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Lessons from the Colombian experience in police transformation


Recently, members of the Geneva-based diplomatic community from Mexico, Brazil, and Uruguay, along with representatives of NGOs, think tanks, and international organisations gathered in DCAF’s headquarters at the Maison de la Paix to get insights from the Colombian National Police transformation process for peacebuilding. 

The Colombian Police started the process in 2021 to strengthen public confidence and the legitimacy of the police service with citizens across the country.  

The process encompasses short, medium, and long-term efforts focused on the evaluation of the previous reforms, checking the quality of the services, including the use of force, the quality of the leadership, the modernization and technological capacities, and the education standards. All with a democratic, transparent and human rights focus aimed at promoting accountability and citizen participation to improve the good governance of police services. 

General Luis Ernesto Garcia Hernandez, Head of the Police Planning Department, sharing
lessons learnt during the process he has lead to modernize the National Police and
reconfigure Colombia’s citizen security framework. Photo: DCAF

The transformation process involved the implementation of a gender policy. It was made possible thanks to a gender self-assessment carried out with the participation of about 70% of the police force across the country.

As a result of this evaluation, significant changes were made, such as modifications in the use of language around gender, a new career plan, and altering the organizational structure of the police so that women and LGTBQ officers can be more involved in strategic decisions. In addition, there was a strengthening of the indicators of gender-based violence both inside, and outside, the police force.



  1. Civil society involvement creates a foundation for sustainability, as well as an active listening to citizens across the country. It helps build a shared vision.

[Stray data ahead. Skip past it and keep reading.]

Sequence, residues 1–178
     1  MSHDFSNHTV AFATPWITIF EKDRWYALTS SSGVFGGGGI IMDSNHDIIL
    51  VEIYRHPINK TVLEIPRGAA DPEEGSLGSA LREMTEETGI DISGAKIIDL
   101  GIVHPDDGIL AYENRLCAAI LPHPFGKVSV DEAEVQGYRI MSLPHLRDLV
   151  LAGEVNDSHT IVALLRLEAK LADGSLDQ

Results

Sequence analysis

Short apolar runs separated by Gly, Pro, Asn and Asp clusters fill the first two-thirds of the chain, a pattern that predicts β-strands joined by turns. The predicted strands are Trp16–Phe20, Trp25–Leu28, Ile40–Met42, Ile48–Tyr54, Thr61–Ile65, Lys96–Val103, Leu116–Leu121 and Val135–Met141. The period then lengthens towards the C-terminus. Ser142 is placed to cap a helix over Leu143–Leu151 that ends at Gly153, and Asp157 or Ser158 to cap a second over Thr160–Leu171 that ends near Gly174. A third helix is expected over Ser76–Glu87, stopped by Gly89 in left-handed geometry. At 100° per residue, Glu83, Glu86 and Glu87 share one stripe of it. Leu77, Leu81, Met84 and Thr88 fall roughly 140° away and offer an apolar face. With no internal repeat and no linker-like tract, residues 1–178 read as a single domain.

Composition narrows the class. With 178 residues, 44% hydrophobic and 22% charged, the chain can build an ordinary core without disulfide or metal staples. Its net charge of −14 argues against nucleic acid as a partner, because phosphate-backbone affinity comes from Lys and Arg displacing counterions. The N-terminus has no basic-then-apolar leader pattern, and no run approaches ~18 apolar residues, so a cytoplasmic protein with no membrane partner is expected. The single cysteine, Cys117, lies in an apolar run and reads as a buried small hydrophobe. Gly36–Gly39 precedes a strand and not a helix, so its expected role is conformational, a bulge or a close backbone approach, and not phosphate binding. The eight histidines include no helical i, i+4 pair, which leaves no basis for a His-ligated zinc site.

2. Political support and senior leadership and commitment is mandatory, as well as an external independent advisory board with technical expertise and a critical approach. 
  3. The transformation model should be designed to address organisational and cultural changes, and focus on values. Setting short, medium, and long-term objectives creates early victories while working on larger structural changes.
  4. Internal teams must drive the change. Build high-performance teams dedicated to the design and implementation of the reform process and directly linked to the director's office, as well as driving-force teams across the organisation.
  5. Comprehensiveness: workstreams should include the use of force, integrity, discipline, human talent management, and policing standards. 

Despite good first results, several challenges remain in Colombia, such as the sustainability of the transformation process itself; the shared vision of police and civil society to understand and complete the process; the reform of the accountability and prevention system; and to generate technical and social competencies, with a particular focus on the community police model.

DCAF will continue supporting the National Colombian Police in its efforts to modernization and peacebuilding transformation process.

For more details on all the lessons learned from this process feel free to contact Cristina Hoyos, Head of our Latin America and Caribbean Unit at
Learn more about DCAF’s work in Colombia: